Great Expectations- page 1 | Science | Smithsonian

Great Expectations

Elephant researchers believe they can boost captive-animal reproduction rates and reverse a potential population crash in zoos.

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A little before 5:30 one August morning two years ago, workers at the Oakland Zoo began calling colleagues at home to hurry in. For more than a month, staff and volunteers had held a round-the-clock vigil watching a pregnant 24-year-old African elephant on a video monitor, and now they saw the time had come. The elephant, Lisa, heaved to her feet and released an enormous amount of water onto the straw-covered floor. Her 22-month pregnancy was over.

 

An elephant birth in captivity is unusual and highly anticipated: of 17 African elephants born in North America since 1995, only 6 survive. (Only 24 of 38 Asian elephants born during the same period survive.) So when the 327-pound baby arrived three and a half hours after Lisa’s water broke, Oakland Zoo workers were ready. They quickly checked the calf ’s heartbeat, took a blood sample and swabbed fluids from his dark gray skin. From his first moments, the calf charmed the keepers, waving his tiny trunk with animation. The skin around his eyes was tinged a light pink, making him look as though he had stayed up too late. In his curiosity to explore his surroundings, the calf strained against the two yellow fabric strips slung under his belly to help him stand. “Lisa touched and smelled the calf and watched to see what would happen,” recalls the Oakland Zoo’s elephant manager, Colleen Kinzley. “She was very excited.”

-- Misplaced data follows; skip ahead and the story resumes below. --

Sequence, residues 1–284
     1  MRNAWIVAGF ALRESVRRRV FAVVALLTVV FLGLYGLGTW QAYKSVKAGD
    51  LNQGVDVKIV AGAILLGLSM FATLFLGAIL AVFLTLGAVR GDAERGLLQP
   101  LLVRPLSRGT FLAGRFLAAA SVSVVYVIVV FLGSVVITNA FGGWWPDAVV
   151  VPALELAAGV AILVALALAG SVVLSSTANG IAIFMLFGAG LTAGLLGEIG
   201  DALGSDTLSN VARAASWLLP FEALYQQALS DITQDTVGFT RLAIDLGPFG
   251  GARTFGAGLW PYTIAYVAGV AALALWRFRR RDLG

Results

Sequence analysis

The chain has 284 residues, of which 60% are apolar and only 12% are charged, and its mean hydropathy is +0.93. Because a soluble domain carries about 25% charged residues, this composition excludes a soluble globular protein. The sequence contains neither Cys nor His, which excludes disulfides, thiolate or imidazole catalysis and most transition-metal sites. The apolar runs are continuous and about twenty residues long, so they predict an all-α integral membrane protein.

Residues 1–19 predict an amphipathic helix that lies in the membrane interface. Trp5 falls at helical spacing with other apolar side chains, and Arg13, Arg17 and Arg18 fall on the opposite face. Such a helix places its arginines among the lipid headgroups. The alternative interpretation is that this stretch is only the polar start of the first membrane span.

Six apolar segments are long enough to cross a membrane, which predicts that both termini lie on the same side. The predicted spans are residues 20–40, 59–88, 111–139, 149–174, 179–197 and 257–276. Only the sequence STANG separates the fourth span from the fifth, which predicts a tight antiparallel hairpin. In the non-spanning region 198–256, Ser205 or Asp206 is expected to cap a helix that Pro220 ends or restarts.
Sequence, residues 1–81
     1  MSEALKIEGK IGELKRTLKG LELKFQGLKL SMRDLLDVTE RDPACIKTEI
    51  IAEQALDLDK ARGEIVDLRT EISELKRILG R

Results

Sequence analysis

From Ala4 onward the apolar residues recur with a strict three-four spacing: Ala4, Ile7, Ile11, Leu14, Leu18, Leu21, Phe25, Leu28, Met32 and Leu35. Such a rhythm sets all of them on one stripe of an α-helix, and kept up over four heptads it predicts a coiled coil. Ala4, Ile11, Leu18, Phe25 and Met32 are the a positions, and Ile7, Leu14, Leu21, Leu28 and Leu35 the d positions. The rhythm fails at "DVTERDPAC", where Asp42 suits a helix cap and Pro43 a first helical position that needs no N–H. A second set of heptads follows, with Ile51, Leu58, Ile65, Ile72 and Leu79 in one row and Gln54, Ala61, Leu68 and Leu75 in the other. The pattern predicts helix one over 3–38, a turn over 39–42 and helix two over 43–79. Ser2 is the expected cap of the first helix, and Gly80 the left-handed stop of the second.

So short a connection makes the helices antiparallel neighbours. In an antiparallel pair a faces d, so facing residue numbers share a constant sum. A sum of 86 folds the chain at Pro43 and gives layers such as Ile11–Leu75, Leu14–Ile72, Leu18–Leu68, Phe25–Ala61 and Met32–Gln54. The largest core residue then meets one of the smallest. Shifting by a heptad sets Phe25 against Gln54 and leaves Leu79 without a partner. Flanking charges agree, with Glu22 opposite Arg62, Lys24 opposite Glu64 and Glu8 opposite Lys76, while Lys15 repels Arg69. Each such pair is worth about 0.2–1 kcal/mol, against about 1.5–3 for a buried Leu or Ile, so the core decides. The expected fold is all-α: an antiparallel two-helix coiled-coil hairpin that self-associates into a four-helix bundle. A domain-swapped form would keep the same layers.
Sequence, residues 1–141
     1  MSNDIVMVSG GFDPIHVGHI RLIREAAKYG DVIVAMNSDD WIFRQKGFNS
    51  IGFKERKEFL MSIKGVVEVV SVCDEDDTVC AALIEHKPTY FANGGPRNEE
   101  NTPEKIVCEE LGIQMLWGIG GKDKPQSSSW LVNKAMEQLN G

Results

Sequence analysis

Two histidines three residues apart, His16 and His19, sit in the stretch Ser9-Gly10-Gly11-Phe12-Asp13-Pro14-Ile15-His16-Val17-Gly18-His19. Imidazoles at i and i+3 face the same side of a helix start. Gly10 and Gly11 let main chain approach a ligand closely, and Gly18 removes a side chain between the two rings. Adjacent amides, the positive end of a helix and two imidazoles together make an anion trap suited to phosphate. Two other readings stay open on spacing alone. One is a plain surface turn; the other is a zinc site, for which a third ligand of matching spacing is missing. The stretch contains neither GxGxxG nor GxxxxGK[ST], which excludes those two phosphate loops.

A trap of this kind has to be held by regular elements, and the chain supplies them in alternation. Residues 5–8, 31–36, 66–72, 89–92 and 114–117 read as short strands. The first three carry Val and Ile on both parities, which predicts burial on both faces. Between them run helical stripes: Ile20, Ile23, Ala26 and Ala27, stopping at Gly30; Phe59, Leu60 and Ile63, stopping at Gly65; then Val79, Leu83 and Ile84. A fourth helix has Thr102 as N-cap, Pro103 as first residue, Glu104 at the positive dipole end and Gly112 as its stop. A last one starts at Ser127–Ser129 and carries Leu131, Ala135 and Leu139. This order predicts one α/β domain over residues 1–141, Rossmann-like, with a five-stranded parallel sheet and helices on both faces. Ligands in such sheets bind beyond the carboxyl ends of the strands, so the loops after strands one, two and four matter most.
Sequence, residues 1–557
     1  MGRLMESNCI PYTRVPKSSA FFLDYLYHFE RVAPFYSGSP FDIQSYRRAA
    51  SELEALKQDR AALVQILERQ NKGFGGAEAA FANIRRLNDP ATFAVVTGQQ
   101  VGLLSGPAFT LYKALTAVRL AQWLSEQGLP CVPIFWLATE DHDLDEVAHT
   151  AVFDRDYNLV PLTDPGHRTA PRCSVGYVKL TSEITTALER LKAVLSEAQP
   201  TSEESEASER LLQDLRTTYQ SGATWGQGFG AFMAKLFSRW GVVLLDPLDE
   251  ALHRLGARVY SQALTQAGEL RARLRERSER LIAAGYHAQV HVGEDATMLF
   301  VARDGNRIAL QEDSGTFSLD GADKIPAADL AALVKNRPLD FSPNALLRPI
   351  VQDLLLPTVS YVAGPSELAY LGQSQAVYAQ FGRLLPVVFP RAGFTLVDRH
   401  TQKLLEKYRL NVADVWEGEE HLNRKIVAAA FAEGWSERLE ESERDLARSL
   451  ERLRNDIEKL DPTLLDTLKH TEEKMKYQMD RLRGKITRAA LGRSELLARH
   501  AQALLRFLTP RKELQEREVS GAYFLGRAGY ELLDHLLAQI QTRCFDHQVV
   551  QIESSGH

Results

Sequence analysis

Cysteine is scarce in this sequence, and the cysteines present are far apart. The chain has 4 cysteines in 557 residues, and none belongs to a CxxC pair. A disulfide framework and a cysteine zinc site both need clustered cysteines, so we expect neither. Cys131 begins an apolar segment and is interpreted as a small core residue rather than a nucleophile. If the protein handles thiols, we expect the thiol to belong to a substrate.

The staff named the baby Dohani, Swahili for “smoke,” in honor of his father, Smokey, who lived at the Oakland Zoo until he died of chronic wasting disease earlier that year. “From the very first moment that Lisa had the calf with her, we could not have hoped for it to have gone better,” reports Kinzley. Lisa appeared to adapt to motherhood, following her baby everywhere, often touching him. Then, on the 11th day, keepers found Dohani dead on the floor of the elephant room with a puncture wound to the chest. Lisa stood over his body for hours, refusing to move.

 

This tragedy highlights the challenge of breeding elephants in captivity. Was Dohani’s loss just an accident, perhaps the result of an inexperienced 9,000-pound mother misjudging her strength while nudging her calf? Or had something spooked Lisa and caused her to impale Dohani? Could the zookeepers have prevented Dohani’s death, perhaps by teaching Lisa a broader array of parenting skills?

 

Such questions have broad importance because of predictions that North America’s captive elephant population simply can’t sustain itself. If current trends continue, in 50 years there will be only four female African elephants young enough to breed at zoos and parks, according to a 2000 study by Robert Wiese, director of animal collections at Texas’ Fort Worth Zoo. (About 225 African and 284 Asian elephants now reside in North America.) “The Wiese study woke up the elephant community to how much work and how little time we have,” says Janine Brown, a reproductive physiologist for the Smithsonian’s National Zoological Park.

 

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